Your doctor is likely to start with a detailed history and physical examination. After that you likely will need tests to determine the underlying problem that is causing your swollen knee.
Imaging tests can help show where the problem is located. Options include:
- X-ray. An X-ray can rule out broken or dislocated bones, and determine if you have arthritis.
- Ultrasound. This test can check for arthritis or disorders affecting the tendons or ligaments.
- MRI. This test can detect tendon, ligament and soft tissue injuries that aren't visible on X-rays.
Joint aspiration (arthrocentesis)
Your doctor withdraws fluid from inside your knee to check for the presence of:
- Blood, which may stem from injuries or bleeding disorders
- Bacteria, which may be causing an infection
- Crystals common to gout or pseudogout
Treatment varies, depending on the cause of the swollen knee, its severity and your medical history. Treatment generally involves pain medication and procedures to remove fluid from the knee joint.
Your doctor might prescribe oral pain medication, if over-the-counter pain relievers aren't enough. To ease inflammation, your doctor might suggest an oral corticosteroid, such as prednisone. Other types of steroids can be injected directly into your knee joint.
Surgical and other procedures
Treating the underlying cause of a swollen knee might require:
- Arthrocentesis. Removing fluid from the knee can help relieve pressure on the joint. After aspirating joint fluid, your doctor might inject a corticosteroid into the joint to treat inflammation.
- Arthroscopy. A lighted tube (arthroscope) is inserted through a small incision into your knee joint. Tools attached to the arthroscope can remove loose tissue or repair damage in your knee.
- Joint replacement. If bearing weight on your knee joint becomes intolerable, you might need knee replacement surgery.
Your doctor might also recommend physical therapy to improve your knee's function and strength.
Lifestyle and home remedies
Taking care of yourself when you have a swollen knee includes:
- Rest. Avoid weight-bearing activities as much as possible.
- Ice and elevation. To control pain and swelling, apply ice to your knee for 15 to 20 minutes every two to four hours. When you ice your knee, raise your knee higher than the level of your heart, using pillows for comfort.
- Pain relievers. Over-the-counter medicines such as acetaminophen (Tylenol, others) or ibuprofen (Advil, Motrin IB, others) can help reduce your knee pain.
Preparing for your appointment
You are likely to be referred to a doctor specializing in musculoskeletal and joint problems.
What you can do
- Write down your symptoms, and when they began.
- Write down your key medical information, including other conditions.
- Write down key personal information, including any major changes or stressors in your life.
- Make a list of all your medications, vitamins or supplements.
- Find out if anyone in your family has had an autoimmune disease.
- Ask a relative or friend to accompany you, to help you remember what the doctor says.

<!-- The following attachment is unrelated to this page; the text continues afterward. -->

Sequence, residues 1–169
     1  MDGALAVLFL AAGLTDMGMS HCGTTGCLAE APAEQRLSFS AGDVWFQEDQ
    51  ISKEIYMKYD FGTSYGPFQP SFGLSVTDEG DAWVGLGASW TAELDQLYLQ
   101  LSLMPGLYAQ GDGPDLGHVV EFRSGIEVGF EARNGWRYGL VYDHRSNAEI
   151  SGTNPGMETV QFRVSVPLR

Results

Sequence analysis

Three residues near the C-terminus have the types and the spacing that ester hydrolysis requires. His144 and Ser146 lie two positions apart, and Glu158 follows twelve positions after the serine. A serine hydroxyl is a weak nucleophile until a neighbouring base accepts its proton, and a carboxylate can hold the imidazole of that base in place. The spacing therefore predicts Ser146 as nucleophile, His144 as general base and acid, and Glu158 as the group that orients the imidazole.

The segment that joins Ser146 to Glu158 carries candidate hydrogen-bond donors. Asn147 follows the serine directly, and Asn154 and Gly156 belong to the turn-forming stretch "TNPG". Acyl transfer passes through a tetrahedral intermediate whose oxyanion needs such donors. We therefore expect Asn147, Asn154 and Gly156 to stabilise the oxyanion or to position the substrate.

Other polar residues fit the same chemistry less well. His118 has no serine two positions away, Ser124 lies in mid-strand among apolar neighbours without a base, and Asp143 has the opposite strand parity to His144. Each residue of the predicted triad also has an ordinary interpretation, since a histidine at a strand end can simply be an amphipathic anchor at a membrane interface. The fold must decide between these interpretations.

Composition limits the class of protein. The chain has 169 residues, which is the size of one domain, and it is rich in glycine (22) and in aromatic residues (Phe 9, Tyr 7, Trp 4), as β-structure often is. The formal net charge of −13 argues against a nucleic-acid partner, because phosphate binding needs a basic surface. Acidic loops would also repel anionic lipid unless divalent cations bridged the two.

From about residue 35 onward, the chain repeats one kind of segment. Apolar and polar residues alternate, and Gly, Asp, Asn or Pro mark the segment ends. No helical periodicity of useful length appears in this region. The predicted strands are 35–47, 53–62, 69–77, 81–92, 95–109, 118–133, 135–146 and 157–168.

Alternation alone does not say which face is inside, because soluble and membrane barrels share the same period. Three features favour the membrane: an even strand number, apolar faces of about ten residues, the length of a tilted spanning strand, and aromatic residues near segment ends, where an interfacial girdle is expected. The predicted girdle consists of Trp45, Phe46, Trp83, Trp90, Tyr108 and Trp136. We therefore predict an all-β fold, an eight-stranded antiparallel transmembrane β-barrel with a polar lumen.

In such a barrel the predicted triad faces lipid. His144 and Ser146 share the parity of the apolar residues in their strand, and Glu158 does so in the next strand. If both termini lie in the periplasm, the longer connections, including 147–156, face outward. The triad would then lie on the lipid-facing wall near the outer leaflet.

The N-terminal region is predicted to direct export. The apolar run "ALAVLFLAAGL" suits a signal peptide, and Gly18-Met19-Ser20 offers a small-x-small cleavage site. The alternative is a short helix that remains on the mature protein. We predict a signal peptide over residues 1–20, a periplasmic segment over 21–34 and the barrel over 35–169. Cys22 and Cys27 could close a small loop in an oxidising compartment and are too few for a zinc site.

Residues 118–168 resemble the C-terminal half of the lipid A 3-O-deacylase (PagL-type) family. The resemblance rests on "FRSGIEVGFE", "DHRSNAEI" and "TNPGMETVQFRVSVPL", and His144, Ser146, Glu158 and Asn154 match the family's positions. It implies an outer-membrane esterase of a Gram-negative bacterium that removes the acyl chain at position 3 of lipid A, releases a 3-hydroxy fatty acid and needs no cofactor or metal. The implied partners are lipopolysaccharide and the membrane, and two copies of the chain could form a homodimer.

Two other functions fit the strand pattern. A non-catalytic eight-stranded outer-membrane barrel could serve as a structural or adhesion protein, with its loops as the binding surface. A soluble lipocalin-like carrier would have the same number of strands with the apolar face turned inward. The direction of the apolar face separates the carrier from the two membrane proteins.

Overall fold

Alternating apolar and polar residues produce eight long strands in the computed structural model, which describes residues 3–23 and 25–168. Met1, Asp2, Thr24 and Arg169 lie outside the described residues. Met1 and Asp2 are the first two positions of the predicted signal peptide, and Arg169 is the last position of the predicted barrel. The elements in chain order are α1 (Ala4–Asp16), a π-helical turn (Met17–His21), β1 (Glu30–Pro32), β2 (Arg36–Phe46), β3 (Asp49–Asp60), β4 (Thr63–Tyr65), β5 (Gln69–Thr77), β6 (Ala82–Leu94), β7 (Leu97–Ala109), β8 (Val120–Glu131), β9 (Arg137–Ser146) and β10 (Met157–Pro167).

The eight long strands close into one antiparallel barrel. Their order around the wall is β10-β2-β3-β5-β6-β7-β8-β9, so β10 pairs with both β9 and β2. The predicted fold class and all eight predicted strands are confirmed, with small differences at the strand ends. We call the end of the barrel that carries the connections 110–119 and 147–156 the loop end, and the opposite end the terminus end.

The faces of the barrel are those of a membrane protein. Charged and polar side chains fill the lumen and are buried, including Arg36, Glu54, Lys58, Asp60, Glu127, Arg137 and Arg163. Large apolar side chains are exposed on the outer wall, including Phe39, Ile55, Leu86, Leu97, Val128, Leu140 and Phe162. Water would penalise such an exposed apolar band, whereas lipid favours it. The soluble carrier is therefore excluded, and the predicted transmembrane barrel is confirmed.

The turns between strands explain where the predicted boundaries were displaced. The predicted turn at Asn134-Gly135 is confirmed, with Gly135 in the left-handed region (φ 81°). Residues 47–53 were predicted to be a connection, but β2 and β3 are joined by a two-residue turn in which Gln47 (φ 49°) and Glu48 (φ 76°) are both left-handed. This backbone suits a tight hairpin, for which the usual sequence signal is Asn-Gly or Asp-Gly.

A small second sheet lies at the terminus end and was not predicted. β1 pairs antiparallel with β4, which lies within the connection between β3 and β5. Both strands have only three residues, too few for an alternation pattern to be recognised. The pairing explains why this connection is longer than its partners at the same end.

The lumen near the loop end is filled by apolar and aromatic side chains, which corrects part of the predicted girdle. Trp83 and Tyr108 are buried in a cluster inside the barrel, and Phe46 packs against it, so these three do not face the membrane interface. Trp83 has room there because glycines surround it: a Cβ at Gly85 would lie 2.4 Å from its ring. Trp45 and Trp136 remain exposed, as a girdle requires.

- Write down questions to ask your doctor.
Questions to ask your doctor
- What's the most likely cause of my symptoms?
- What kinds of tests do I need?
- What treatments are available?
- I have other health conditions. How can I best manage them together?
In addition to the questions that you've prepared to ask your doctor, don't hesitate to ask other questions.
What to expect from your doctor
Your doctor is likely to ask you a number of questions. Being ready to answer them may leave time to go over points you want to discuss in depth. You may be asked:
- Have you injured your knee recently? If so, describe the injury in detail.
- Does your knee "lock" or feel unstable?
- Has your knee felt warm or looked red? Do you have a fever?
- Do you play recreational sports? If so, what sports?
- Do you have any type of arthritis?
- Do you have a family history of autoimmune disease?
April 21, 2018
- Beutler A, et al. Physical examination of the knee. http://www.uptodate.com/home. Accessed March 11, 2015.
- Anderson BC. General evaluation of the adult with knee pain. http://www.uptodate.com/home. Accessed March 11, 2015.
- Firestein GS, et al. Hip and knee pain. In: Kelley’s Textbook of Rheumatology. 9th ed. Philadelphia, Pa.: Saunders Elsevier; 2013. https://www.clinicalkey.com. Accessed March 11, 2015.
- Knee problems. National Institute of Arthritis and Musculoskeletal and Skin Diseases. http://www.niams.nih.gov/Health_Info/Knee_Problems/default.asp. Accessed March 11, 2015.
- Anderson BC. Meniscal injury of the knee. http://www.uptodate.com/home. Accessed March 11, 2015.
- Roberts WN. Joint aspiration or injection in adults: Technique and indications. http://www.uptodate.com/home. Accessed March 11, 2015.
- Bope ET, et al. Rheumatology and the musculoskeletal system. In: Conn’s Current Therapy. Philadelphia, Pa.: Saunders Elsevier; 2014. https://www.clinicalkey.com. Accessed March 11, 2015.
- DeLee JC, et al. Knee arthritis. In: DeLee & Drez’s Orthopaedic Sports Medicine: Principles and Practice. 4th ed. Philadelphia, Pa.: Saunders Elsevier; 2015. http://www.clinicalkey.com. Accessed March 11, 2015.
- Laskowski ER (expert opinion). Mayo Clinic, Rochester, Minn. March 13, 2015.
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